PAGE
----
Alternative to Bloodworms for Fish Food

Bloodworms are the aquatic larvae of several midge or crane fly species.
Bloodworms are the aquatic larvae of several midge or crane fly species. (Image: Hemera Technologies/ Images)

Most fish love bloodworms -- live, frozen or freeze dried. Unfortunately, a substantial segment of the human population can suffer life-threatening allergic reactions and asthma attacks when exposed to these bugs. Fortunately, most fish have other favorite foods that don't send folks rushing for an epi pen.


Daphnia are tiny crustaceans of the genus Daphnia. Also called water fleas, fish love to hunt these critters. You can find this crustacean in small ponds in many parts of the country. You can also culture them at home in plastic tubs to ensure a constant supply. The small size of these organisms makes them ideal for small fish that have trouble with larger live foods. You can also purchase freeze-dried and frozen Daphnia from most pet shops.

Brine Shrimp

Many people know brine shrimp by the name sea monkeys. You can hatch brine shrimp at home in a soda bottle. Newly-hatched brine shrimp make great food for small fish. If you want to raise brine shrimp to a larger size, you can raise them in a small aquarium on a diet of baker's yeast. You should also dose them with nutritional supplements. You can get these online or at high-end pet shops. Like bloodworms, pet shops may sell brine shrimp alive, frozen or freeze dried.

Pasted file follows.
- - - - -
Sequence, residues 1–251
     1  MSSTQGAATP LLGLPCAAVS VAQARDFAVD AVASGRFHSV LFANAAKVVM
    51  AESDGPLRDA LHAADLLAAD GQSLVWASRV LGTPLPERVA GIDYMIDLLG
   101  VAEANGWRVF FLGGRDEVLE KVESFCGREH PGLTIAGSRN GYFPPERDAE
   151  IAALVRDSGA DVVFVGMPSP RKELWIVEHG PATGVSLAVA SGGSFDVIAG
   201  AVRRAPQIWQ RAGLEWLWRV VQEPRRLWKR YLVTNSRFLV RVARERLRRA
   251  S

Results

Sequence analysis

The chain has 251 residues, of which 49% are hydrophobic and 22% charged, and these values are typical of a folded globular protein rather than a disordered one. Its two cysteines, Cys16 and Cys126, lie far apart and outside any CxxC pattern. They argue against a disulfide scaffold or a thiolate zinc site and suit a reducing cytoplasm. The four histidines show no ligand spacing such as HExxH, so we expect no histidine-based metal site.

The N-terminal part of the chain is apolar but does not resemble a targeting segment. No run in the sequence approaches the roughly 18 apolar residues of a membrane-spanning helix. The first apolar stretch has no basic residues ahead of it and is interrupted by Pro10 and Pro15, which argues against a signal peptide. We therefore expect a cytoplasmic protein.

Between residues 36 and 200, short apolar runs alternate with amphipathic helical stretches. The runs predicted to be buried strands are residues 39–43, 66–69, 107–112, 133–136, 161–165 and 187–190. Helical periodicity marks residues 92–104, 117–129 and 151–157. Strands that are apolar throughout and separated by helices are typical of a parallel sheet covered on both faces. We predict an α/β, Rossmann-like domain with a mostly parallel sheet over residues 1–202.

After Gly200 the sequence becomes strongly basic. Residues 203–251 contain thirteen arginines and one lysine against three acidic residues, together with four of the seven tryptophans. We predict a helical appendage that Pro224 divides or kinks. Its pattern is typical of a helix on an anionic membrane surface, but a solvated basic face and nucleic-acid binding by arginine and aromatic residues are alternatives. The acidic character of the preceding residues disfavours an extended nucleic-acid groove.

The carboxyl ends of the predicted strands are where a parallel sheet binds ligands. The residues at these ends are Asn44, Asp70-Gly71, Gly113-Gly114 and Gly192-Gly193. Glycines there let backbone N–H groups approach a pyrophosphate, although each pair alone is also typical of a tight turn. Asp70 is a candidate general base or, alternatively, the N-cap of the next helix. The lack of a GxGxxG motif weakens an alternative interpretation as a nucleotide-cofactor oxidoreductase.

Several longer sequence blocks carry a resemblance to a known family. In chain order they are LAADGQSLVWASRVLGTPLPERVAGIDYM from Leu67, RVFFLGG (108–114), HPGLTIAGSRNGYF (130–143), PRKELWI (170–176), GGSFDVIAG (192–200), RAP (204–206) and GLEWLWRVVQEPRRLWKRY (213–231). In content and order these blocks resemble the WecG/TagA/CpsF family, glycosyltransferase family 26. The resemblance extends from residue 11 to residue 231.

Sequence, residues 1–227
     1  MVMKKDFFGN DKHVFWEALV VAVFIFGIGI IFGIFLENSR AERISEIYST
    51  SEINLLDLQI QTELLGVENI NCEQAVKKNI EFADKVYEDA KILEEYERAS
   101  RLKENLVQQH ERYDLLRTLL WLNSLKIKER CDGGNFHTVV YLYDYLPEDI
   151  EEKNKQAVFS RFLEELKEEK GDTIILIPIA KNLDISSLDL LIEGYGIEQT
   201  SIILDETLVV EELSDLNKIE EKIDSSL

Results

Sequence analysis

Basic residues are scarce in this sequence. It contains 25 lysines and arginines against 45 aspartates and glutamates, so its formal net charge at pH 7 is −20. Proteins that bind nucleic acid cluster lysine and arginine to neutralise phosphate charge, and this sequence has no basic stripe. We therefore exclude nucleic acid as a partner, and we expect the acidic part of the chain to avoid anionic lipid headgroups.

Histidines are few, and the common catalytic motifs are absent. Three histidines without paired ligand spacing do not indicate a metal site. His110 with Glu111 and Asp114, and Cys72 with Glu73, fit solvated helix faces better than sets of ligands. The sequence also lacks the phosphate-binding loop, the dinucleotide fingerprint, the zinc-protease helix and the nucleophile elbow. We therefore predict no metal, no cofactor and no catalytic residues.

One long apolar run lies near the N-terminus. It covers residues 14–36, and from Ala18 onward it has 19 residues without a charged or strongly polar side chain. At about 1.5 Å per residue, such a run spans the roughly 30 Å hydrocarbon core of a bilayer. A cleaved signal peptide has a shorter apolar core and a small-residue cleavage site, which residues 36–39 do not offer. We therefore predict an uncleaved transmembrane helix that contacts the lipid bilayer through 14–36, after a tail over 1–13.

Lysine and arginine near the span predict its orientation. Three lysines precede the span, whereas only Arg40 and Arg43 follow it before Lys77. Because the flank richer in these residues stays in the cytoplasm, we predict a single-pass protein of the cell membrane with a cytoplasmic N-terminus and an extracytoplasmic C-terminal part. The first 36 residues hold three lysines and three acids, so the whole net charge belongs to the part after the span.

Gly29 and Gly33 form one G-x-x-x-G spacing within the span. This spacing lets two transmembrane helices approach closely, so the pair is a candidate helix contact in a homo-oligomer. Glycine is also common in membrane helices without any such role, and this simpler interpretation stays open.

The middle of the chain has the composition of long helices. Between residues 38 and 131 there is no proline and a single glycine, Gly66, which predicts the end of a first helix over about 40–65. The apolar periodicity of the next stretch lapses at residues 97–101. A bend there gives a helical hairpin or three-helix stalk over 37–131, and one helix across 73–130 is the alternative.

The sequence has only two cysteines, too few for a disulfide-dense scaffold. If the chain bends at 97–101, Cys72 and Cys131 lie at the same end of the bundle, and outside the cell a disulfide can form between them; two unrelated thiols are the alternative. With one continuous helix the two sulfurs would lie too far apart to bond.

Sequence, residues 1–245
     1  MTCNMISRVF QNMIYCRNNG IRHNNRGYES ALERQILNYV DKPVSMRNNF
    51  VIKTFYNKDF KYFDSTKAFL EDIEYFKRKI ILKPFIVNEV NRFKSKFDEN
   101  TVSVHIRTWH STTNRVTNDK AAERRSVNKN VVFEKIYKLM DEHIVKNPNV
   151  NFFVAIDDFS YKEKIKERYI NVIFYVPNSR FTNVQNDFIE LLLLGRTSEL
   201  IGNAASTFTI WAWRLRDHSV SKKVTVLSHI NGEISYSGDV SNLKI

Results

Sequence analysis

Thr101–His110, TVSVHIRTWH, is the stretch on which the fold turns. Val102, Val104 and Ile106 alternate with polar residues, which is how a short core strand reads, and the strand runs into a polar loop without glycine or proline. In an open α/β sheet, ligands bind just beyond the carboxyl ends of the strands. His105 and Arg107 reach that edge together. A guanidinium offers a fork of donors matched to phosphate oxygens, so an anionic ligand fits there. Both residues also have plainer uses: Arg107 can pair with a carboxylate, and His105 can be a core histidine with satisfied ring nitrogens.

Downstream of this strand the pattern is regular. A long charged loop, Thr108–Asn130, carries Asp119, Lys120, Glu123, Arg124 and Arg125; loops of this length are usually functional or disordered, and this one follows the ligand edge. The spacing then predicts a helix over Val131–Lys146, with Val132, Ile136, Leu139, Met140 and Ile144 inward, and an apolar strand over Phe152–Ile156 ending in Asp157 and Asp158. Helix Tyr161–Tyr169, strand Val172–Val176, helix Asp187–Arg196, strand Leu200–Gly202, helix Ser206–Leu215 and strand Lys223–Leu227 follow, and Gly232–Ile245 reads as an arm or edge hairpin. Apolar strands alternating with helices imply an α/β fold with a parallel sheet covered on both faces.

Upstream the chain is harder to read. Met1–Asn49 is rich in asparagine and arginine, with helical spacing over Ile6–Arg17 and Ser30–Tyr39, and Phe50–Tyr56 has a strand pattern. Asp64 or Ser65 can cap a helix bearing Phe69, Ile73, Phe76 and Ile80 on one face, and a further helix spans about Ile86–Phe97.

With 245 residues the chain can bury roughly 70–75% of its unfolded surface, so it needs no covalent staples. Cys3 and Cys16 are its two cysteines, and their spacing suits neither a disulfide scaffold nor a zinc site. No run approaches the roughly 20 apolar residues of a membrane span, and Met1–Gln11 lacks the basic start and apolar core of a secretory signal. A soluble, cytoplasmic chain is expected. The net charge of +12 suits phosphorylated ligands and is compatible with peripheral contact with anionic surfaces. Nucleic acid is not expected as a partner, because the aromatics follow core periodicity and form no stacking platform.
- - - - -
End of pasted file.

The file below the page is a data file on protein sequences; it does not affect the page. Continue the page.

Fruit Flies

Since bloodworms are actually insects, many fish that like them will also enjoy fruit flies. You can culture fruit flies at home in 1-gallon jars. Several recipes for fruit fly media are available online, but most involve potato flakes, baker's yeast and fruit. To avoid the mess and mixing, you can sometimes purchase fruit fly media -- or even the flies themselves -- online or at pet shops. Several species of fruit fly are available in flightless varieties in slightly different sizes.

Mosquito Larvae

Mosquito larvae are very, very similar to bloodworms, and any fish that loves one will love the other. Some pet shops sell them in frozen form. You can also collect them from buckets in your yard. However, always harvest and feed them quickly to avoid unleashing a plague of mosquitoes.

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